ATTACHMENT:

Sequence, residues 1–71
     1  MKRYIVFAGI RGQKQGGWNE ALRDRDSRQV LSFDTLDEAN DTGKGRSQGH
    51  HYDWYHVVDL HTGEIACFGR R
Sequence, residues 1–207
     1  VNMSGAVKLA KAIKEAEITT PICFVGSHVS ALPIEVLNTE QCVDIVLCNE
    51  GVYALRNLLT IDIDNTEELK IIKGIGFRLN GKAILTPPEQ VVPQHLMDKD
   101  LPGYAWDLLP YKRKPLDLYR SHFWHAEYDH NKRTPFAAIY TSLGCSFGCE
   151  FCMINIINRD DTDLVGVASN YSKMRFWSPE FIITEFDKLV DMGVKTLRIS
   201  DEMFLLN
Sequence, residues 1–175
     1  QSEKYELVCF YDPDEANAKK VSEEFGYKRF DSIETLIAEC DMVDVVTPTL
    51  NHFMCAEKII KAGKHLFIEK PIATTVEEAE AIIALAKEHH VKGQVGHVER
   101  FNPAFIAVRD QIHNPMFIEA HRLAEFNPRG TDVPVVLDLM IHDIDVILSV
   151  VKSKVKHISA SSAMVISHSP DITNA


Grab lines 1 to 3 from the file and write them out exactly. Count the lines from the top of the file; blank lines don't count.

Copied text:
Sequence, residues 1–71
     1  MKRYIVFAGI RGQKQGGWNE ALRDRDSRQV LSFDTLDEAN DTGKGRSQGH
    51  HYDWYHVVDL HTGEIACFGR R